“…I have been getting a lot of questions lately about Healthcare.gov. People want to know why it cost between 2 and 4 times as much money to create a broken website than to build the original iPhone. This is an excellent question. However, in my experience, understanding why a project went wrong tends to be far less valuable than understanding why a project went right.
So, rather than explaining why paying anywhere between $300M and $600M [update: now reported to be $840M] to build the first iteration of healthcare.gov was a bad idea, I would like to focus attention on a model for software-enabled government that works.
In doing so, perhaps this will be a step toward a better understanding of how technology might make the U.S. government better and not worse.”
Whatsapp had 450 million monthly users and just 32 engineers when it was acquired. Imgur scaled to over 40 billion monthly image views with just seven engineers. Instagram had 30 million users and just 13 engineers when it was acquired for $1 billion dollars.
This is the new normal: fewer engineers and dollars to ship code to more users than ever before. The potential impact of the lone software engineer is soaring. How long before we have a billion-dollar acquisition offer for a one-engineer startup? How long before the role of an engineer, artisanally crafting custom solutions, vanishes altogether? MORE
We hear about the mobile revolution in Africa all the time… But keeping smartphones connected to the Internet is straining the spectrum in most countries, and is certainly straining the connectivity infrastructure.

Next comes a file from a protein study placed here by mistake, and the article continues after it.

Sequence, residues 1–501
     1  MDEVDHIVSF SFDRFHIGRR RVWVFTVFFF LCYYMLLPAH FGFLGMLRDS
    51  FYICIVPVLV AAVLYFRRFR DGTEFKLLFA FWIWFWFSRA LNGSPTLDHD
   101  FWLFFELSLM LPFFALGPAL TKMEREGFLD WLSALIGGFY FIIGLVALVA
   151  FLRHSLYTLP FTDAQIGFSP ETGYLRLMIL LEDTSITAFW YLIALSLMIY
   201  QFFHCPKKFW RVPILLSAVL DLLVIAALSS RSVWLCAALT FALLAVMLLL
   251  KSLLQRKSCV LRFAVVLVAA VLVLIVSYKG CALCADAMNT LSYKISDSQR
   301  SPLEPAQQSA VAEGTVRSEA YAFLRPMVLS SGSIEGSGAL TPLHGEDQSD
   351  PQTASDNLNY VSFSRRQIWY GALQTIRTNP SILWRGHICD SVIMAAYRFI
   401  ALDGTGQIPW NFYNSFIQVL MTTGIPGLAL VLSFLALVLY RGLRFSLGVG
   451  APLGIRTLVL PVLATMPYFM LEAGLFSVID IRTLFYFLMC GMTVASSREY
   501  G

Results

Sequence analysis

Africa, for the most part, will “skip over” PCs, as hundreds of millions of people connect to the Internet exclusively by phones and tablets. But there’s an acute need for improved connectivity. The problem is that, even in the most developed areas of Africa, the deployment of strong and fast 3G and 4G coverage is lagging, and the capital that is available will flow to build out areas where there are paying customers.
That means that the outlying areas, where a lot of people live, will continue to be underserved for quite some time. MORE
The structure of the VC industry is changing. This matters not only to entrepreneurs raising capital — but it also impacts the finance industry overall, because companies are staying private longer (fewer IPOs) and public investors (including hedge funds, mutual funds, publicly held corporations) are getting into the VC game, too. So in that sense these changes affect everyone who is in the market.
But the real question is: Why now? What’s really behind the structural transformation happening in venture capital — and by extension, the tech industry? And finally: How do we reconcile the seeming paradox of it being cheaper to start companies today… but at the same time needing to raise more capital? MORE
Spending time in the developing world, one can always marvel at the resourcefulness of people living in often extraordinarily difficult conditions… Here in the U.S., we’re all familiar with the transformative nature of mobile phones in our lives. And for those in extreme poverty, the mobile phone has been equally, if not more, transformative.
One particular challenge faced by many in Africa, especially those living in fairly extreme poverty (less than $500 a year in purchase power), is dealing with money and buying things, and how the mobile phone is transforming those needs. MORE
There are around 1.6 to 1.7 billion* PCs in use today, and there are already perhaps 2 billion iOS and Android devices**. Over the next few years the great majority of the mobile base will convert to these devices: there will be 3 to 4 billion smartphones in use*** and hundreds of millions more tablets.
So, mobile means there will be two to three times more personal computing devices connected to the internet. But actually, that understates the change massively. The difference in how those smartphones are used is actually just as important as the raw numbers. MORE